On Virtue and Conscience

In response to reading Journal by John Woolman, I write this post in confusion, and probably ignorance, for which I fear one day may cause me some embarrassment to myself if I would become capable of understanding said writings and then reread this post.

In reading about John Woolman, I have come to learn about an extraordinarily humble and pious Quaker, who would undoubtedly, if such records of Quakers were kept, be among the list of saints. I was also quite impressed to learn that he made such an impressionable impact on Quakers worldwide regarding slavery: Slaves had become contraband within the Quaker circle within just a few years of his death. What was most surprising to me was that he did all this with the spine of a jellyfish; He spent his whole life in a non-confrontational and timid manner, attributing all happenstances to be the cause and will of providence, and living in fear and guilt for all of his violations of virtues that, if they were to happen to me, I would simply shrug off as being mistakes that impacted no one.

Although I have not yet quite reached the end of his journal, much of the relevance of the writing has escaped me thus far. I have had difficulty keeping interest on account of there being very little in specifics of the events and lessons of his life. In fact, much of the book details Woolman traveling to attend Quaker meetings that are scheduled monthly, quarterly, or yearly in various areas. This is perhaps why I feel that I may simply be ignorant in the matter: John Woolman was successful enough to persuade many Quakers of the invalidity of their excuses conjured to permit the owning and selling of slaves, which was credited as the start of the anti-slavery movement; however, this seems to me to be the only effect that came of his life-long efforts. While this is a significant point in history, I feel as though John Woolman as a person and his Journal both are overstated and overplayed. But perhaps to the credit of my point, to-date, nobody I have talked to has ever heard of John Woolman.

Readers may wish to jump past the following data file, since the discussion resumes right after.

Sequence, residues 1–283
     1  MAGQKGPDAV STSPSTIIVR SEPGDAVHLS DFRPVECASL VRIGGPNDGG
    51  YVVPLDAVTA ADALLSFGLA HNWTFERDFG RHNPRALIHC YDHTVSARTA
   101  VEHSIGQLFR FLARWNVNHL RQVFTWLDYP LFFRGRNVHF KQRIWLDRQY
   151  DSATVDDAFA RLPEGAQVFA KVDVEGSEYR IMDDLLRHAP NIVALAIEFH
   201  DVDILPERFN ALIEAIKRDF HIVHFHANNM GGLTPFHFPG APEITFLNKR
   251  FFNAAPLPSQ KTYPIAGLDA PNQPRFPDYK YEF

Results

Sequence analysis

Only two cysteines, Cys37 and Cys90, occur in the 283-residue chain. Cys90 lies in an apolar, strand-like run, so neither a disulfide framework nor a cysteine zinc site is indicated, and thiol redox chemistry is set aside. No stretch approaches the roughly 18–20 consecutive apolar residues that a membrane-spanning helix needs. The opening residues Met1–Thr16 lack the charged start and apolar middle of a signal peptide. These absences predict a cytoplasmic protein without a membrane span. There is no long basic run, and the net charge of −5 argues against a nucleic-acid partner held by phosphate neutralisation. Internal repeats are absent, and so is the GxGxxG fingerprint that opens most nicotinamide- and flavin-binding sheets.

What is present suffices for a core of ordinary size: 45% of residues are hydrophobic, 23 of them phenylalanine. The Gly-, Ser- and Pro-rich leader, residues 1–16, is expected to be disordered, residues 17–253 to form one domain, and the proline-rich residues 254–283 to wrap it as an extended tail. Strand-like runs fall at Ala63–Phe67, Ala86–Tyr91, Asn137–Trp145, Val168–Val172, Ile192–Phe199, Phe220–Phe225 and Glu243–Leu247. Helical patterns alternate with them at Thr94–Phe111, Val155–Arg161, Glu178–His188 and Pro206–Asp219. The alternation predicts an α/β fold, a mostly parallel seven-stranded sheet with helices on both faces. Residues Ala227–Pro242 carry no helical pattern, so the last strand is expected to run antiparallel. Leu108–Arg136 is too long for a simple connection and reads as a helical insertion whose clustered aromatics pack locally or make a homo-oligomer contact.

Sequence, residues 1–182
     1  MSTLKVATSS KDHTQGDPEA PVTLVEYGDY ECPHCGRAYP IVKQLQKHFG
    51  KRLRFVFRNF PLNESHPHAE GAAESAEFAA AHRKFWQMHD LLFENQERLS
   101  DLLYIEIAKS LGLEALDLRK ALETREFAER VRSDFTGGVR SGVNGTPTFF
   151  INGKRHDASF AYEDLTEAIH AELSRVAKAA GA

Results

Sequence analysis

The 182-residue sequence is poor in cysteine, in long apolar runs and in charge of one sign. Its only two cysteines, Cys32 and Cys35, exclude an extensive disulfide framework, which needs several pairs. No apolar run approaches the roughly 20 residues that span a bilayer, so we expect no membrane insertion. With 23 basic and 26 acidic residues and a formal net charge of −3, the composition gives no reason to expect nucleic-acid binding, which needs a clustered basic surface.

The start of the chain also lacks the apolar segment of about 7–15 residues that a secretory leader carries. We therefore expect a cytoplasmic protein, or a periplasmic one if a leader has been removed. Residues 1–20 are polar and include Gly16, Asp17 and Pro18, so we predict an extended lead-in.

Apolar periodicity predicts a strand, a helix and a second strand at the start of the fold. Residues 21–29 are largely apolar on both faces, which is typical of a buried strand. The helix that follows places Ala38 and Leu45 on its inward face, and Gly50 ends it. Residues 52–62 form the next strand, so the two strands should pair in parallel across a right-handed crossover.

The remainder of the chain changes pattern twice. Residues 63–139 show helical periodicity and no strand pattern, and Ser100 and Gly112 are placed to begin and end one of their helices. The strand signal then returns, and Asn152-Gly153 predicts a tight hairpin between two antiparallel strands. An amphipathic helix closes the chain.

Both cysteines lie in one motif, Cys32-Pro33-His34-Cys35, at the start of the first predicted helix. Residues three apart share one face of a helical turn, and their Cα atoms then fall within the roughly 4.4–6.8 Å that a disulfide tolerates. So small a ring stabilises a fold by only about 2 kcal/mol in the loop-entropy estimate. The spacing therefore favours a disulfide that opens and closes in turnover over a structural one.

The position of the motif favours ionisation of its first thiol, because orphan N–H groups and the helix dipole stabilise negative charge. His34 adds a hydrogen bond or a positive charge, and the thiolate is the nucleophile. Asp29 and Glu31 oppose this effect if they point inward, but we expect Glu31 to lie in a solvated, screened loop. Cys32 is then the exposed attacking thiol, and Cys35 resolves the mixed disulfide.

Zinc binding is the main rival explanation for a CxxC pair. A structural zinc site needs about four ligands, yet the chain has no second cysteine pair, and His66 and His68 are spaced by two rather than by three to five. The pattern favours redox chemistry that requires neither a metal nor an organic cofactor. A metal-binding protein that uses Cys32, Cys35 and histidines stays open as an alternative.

Reader: Please make me aware of any details I may have missed while critically reading John Woolman’s Journal, and let me know what your thoughts are on the matter.

Stay classy, fellow bloggers.